Broad-based and targeted volunteer recruitment: What works?
There are two primary methods used to recruit volunteers: broad-based and targeted. Each one works best in specific circumstances depending on the situation.
February 17, 2012 - Author: Molly Frendo, Michigan State University Extension
The two major types of recruitment strategies are broad-based and targeted. Broad-based recruitment is the most effective for jobs that don’t require specific volunteer characteristics or qualifications. It is most helpful when recruiting volunteers for one-time events or volunteers that don’t need a specific set of skills. This open-ended method of recruitment is successful when mass communication is used. Public service announcements, flyers and other similar material often generate the most responses for broad-based recruitment. Effective broad-based recruitment requires using multiple methods for getting out the message because it targets the greatest number of individuals for volunteer positions and provides the most diverse volunteer base.
Targeted recruitment represents the opposite end of the recruitment spectrum. It is most effective when the audience is clearly defined and recruitment is a matter of determining and tracking down the right kind of person for the job. This form of recruitment is necessary when certain skills (for example, carpentry, secretarial, accounting or artistic) are necessary for the volunteer role. Targeted recruitment methods involve determining the type of organization with which the qualified volunteer may be affiliated and targeting marketing to that and similar organizations. Consider a direct mailing to a corresponding professional organization, association, union or service club to find the people with the appropriate skills and make your opportunity appeal directly to them. While specific media requests may generate results, mass communication efforts with this recruitment approach are not as efficient because they generate many under- or overqualified applicants or people who generally aren’t interested in the role because it requires a unique set of skills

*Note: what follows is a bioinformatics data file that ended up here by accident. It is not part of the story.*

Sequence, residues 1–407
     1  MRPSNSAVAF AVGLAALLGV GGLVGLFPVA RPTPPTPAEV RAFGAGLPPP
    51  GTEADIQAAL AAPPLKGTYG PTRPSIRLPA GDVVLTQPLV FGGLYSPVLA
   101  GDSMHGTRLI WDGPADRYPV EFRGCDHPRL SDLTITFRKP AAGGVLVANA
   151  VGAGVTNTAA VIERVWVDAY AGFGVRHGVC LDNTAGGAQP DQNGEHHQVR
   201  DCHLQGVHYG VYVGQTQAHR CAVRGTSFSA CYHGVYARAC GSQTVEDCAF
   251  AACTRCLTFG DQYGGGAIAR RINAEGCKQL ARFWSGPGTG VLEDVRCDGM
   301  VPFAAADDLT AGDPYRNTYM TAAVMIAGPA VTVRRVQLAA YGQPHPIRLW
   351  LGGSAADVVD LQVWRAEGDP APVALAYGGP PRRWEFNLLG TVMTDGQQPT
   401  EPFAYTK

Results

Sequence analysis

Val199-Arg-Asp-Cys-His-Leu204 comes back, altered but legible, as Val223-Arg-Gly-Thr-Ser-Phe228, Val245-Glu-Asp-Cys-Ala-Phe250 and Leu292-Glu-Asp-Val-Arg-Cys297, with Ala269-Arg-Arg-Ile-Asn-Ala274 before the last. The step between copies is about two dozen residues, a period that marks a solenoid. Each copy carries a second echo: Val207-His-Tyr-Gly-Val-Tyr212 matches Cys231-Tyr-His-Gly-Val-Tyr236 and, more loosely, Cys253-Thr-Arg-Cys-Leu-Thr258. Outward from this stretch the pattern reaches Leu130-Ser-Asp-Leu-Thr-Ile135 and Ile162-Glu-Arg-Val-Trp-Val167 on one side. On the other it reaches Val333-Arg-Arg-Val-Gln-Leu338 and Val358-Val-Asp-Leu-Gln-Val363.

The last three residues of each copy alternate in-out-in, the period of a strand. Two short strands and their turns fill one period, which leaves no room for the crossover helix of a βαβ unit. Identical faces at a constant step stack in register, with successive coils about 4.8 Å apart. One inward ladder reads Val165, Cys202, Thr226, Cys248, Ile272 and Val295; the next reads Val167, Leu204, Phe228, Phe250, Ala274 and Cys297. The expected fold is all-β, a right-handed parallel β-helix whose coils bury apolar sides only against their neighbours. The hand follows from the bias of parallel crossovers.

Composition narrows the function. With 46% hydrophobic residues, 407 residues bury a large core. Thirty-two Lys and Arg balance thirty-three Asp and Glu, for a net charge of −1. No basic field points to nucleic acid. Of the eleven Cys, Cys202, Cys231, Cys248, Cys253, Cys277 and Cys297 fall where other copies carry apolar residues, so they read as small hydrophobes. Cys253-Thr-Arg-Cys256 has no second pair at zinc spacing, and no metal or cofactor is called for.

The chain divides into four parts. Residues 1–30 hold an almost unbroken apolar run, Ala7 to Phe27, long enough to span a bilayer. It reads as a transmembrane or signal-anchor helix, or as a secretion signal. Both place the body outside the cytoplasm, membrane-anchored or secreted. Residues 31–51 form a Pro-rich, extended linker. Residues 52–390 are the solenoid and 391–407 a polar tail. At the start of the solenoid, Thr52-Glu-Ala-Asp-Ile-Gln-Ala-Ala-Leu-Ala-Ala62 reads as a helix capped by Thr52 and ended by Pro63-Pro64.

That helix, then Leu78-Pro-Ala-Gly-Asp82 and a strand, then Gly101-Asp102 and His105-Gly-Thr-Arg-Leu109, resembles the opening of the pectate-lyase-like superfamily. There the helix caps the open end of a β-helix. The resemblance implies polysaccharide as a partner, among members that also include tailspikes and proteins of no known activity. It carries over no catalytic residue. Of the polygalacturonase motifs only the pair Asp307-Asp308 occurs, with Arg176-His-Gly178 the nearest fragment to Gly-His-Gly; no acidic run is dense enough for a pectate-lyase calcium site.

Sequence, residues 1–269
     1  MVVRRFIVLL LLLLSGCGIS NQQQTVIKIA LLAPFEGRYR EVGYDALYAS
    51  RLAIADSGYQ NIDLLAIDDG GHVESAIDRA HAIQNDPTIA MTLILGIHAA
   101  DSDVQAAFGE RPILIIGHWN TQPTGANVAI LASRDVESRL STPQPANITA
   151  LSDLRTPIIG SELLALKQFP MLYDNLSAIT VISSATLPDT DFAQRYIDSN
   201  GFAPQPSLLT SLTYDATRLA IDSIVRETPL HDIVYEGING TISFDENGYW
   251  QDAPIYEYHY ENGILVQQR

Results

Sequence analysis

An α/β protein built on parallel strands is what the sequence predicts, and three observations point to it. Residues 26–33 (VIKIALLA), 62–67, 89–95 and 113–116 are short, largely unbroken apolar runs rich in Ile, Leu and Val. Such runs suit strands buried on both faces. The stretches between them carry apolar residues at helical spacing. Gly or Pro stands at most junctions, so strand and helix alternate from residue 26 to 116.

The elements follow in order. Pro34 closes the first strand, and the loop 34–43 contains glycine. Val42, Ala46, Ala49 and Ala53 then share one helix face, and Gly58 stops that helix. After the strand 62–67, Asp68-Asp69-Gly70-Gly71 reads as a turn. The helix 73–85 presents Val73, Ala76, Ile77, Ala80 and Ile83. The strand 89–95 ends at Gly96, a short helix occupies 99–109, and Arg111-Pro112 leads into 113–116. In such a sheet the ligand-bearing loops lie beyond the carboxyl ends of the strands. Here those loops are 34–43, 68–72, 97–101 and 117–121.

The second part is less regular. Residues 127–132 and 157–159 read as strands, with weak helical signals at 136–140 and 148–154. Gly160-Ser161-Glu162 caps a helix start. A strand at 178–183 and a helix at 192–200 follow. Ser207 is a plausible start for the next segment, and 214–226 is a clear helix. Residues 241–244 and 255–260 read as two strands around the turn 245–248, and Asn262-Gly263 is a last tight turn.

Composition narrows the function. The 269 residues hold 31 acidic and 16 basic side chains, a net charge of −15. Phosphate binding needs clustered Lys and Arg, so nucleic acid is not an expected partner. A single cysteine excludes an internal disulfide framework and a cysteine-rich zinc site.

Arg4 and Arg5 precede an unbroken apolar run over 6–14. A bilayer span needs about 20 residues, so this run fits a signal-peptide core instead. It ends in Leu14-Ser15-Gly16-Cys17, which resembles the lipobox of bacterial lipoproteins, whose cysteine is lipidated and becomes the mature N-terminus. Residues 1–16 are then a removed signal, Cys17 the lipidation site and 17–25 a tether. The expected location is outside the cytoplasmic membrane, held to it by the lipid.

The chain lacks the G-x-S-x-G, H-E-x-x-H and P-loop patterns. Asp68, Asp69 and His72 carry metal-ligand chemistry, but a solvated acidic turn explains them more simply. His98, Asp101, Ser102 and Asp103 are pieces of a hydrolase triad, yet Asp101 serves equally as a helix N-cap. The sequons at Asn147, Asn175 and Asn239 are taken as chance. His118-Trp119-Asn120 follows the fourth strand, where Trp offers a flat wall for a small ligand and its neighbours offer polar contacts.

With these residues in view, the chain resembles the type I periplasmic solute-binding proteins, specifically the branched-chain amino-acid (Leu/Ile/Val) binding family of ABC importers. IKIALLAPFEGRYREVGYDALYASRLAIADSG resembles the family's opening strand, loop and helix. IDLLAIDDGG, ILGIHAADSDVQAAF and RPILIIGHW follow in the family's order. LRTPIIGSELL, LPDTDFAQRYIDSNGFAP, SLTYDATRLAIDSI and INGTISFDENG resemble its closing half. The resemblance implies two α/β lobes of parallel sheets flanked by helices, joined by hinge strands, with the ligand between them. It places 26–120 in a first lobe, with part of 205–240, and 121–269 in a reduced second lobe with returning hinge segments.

There are pros and cons to both broad-based and targeted volunteer recruitment. For instance, broad-based recruitment lets you reach infinitely more people through mass media than targeted recruitment. Additionally, it helps you to create public awareness and a buzz of excitement around your program. This can be helpful because it can also make people with resources aware of your organization and the great work it’s doing. On the other hand, broad-based recruitment can be too generic to really make people feel like they have what it takes to make a difference through your cause. Some people seek opportunities where their specific skills and talents will be recognized and put to work. Targeted recruitment helps to get at this problem by identifying the characteristics of individuals who would be ideal for the position. You can then tailor your message to the group or individual when you make your ask. Targeted recruitment, however, takes more time and energy than broad-based recruitment because it includes fewer people.
A good rule to follow is this: when you’re seeking a volunteer or volunteers who fit a very specific mold – maybe because they have special skills, characteristics or interests – targeted recruitment is the best approach because it will save you a good deal of time as a volunteer manager by not having to screen people out who don’t fit the mold. As volunteer managers, we know that time is one of our most important resources because it’s always in such scarce supply!